Gov. Jay Inslee has distinguished himself as a champion of a better – and greener – transportation system. His leadership this year helped persuade the Legislature to approve a $16 billion package that would improve roads, expand mass transit, and create pedestrian and bicycle corridors.
The transit-pedestrian-cyclist projects are there because he and other environmentalists wanted them there.
Now comes a stunner. His allies in the alternative-transportation movement say they’re getting signals that Inslee may effectively veto those low-carbon automobile alternatives by triggering what he has called a “poison pill” in the package. They are very, very alarmed.
The so-called poison pill was a condition of Republican support for the bill. Few Republican lawmakers wanted to add 11.9 cents to the state gas tax, and many were nervous that Inslee might also unilaterally order a low-carbon fuel standard that could indirectly add another 12 cents or more to the price at the pump.
So the Republicans concocted the diabolically ingenious pill. If Inslee imposed the tighter fuel standard by executive action, their provision would automatically shift the funding earmarked for alternative transportation projects to road projects. Transit, cyclists and pedestrians would forfeit hundreds of millions of dollars to highways, overpasses, bridges, etc.
The idea that the governor might actually swallow the cyanide is hard to process. Mr. Inslee – if you’re thinking about it, please listen to your friends in the bikeways.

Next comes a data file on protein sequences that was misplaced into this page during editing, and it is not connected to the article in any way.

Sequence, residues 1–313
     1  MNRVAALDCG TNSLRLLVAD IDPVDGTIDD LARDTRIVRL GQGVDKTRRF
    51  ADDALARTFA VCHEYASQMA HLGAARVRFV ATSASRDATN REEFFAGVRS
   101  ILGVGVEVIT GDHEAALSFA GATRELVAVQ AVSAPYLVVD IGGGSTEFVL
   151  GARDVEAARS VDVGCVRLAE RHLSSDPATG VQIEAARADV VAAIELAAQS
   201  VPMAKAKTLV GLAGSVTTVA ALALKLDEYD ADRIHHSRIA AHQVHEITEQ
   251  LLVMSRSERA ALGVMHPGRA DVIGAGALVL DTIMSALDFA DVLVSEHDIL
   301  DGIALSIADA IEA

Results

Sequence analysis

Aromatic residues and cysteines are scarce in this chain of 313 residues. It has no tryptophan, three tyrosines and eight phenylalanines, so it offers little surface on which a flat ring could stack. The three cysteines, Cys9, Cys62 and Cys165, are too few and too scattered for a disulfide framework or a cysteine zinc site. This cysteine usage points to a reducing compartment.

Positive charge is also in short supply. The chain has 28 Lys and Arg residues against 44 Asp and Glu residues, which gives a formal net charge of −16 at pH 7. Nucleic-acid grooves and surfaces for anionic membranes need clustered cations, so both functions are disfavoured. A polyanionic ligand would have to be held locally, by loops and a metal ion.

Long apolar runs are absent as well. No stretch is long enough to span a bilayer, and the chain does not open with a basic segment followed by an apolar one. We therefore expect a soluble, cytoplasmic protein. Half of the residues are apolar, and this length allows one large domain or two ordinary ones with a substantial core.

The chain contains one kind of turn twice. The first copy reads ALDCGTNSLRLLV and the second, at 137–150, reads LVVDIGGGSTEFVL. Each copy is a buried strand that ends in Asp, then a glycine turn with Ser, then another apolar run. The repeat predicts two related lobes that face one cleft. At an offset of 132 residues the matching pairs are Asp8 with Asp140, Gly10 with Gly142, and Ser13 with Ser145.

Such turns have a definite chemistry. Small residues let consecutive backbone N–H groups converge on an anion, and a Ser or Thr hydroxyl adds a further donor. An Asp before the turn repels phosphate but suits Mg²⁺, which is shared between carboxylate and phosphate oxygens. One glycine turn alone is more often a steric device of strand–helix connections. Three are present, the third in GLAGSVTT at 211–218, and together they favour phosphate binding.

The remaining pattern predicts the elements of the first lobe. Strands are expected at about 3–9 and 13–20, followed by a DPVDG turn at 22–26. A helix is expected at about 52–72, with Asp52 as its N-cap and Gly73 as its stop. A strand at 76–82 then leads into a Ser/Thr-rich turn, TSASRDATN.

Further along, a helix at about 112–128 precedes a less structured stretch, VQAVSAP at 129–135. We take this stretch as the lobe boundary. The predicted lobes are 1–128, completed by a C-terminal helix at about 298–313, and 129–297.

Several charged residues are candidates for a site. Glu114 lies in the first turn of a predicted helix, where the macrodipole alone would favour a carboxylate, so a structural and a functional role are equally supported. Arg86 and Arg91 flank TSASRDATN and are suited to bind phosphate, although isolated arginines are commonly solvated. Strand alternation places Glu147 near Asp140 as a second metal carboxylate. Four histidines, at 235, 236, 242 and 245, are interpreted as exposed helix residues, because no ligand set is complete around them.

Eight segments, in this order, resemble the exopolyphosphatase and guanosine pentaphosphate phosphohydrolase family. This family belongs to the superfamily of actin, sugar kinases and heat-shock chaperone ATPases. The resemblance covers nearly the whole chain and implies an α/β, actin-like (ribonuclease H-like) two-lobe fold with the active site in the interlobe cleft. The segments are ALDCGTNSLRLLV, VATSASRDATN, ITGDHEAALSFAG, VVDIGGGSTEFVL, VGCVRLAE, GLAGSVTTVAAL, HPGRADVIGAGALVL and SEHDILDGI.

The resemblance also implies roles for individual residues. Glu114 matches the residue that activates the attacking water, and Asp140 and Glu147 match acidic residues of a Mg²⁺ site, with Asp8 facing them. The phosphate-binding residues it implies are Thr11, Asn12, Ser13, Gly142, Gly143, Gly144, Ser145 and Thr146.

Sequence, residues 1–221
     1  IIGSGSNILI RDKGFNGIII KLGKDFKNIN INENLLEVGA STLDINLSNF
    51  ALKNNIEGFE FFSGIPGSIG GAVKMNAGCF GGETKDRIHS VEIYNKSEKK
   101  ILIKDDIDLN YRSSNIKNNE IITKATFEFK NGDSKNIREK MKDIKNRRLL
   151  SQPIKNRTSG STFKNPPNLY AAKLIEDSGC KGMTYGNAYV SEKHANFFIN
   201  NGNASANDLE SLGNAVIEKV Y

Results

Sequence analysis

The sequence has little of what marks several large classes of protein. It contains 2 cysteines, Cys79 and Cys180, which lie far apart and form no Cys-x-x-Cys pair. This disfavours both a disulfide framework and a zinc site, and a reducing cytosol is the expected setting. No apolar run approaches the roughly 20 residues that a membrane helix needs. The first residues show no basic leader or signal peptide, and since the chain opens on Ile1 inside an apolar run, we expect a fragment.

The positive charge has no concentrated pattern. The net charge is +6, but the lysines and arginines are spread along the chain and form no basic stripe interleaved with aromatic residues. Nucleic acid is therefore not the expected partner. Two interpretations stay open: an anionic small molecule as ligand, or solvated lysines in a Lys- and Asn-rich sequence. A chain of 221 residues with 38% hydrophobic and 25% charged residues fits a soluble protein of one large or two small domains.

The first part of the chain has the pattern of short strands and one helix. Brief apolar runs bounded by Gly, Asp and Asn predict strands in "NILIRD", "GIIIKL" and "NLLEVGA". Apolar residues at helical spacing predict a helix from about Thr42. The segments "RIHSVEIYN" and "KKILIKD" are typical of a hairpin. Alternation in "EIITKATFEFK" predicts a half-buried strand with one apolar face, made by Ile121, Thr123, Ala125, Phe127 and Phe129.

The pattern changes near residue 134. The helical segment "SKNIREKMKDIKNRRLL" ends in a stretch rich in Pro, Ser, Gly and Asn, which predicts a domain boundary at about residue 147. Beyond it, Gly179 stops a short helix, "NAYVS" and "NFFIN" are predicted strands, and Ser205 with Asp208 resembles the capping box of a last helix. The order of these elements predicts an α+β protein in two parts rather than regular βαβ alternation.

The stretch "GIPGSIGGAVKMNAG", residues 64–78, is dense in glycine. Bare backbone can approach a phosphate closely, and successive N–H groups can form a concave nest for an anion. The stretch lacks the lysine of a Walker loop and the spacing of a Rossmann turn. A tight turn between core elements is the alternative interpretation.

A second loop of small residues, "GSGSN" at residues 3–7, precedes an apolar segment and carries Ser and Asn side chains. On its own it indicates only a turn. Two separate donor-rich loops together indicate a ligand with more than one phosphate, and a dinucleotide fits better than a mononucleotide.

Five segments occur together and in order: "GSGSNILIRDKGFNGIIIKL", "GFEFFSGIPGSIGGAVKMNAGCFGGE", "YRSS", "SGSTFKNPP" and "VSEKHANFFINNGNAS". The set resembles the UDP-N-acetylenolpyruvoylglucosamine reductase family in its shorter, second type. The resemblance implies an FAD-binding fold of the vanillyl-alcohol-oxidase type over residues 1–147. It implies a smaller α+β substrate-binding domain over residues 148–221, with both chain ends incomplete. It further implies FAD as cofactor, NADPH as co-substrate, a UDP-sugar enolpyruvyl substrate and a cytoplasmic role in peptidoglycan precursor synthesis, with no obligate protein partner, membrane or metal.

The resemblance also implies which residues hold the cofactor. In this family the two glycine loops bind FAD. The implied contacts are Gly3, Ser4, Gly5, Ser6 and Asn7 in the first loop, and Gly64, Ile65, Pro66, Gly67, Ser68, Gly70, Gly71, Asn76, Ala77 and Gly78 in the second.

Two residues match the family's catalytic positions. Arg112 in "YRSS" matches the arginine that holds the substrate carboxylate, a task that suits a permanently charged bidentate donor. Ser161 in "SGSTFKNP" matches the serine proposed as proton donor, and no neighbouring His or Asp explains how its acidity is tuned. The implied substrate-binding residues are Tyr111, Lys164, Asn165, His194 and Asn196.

To get a taste of the poison pill, consider what might be lost in Pierce County alone.
Pierce Transit has been preparing to launch express bus service from downtown Tacoma through Pacific Avenue and state Route 7 to the Parkland and Spanaway area. There’s high rider demand in that corridor. The agency has been banking on $15 million in state money to cover startup costs. Inslee would kill the project by mandating the fuel standard.
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The bill promises the City of Tacoma $10 million for alternative transportation, including $4 million for the Schuster Parkway Trail. Lakewood would get $2 million worth of safety improvements along the freight tracks that run through town; it would get $2.6 million for the Gravelly Lake Trail. University Place would get two pedestrian-cycling routes.
Picture all those projects and many more like them across the state going poof! as Inslee signs the executive order.
Fighting climate change – the point of a cleaner fuel standard – is a long game. It’s going to take patience.
A real strategy involves building support – among moderate Republicans and independents as well as Democrats – for a broad, long-range carbon-reduction plan.
A cap-and-trade system or carefully crafted carbon tax would be a big step in that direction. The governor would undermine the chances for the necessary political agreement if he imposed a clean fuel standard with scant public deliberation and legislative consultation.
This year’s important gains in alternative transportation shouldn’t be sacrificed for the instant gratification of an executive fuel mandate. In this state, it’s possible to get more alternative transportation and less carbon. But it’s got to be done the hard way, by selling it to the public and at least some of the skeptics.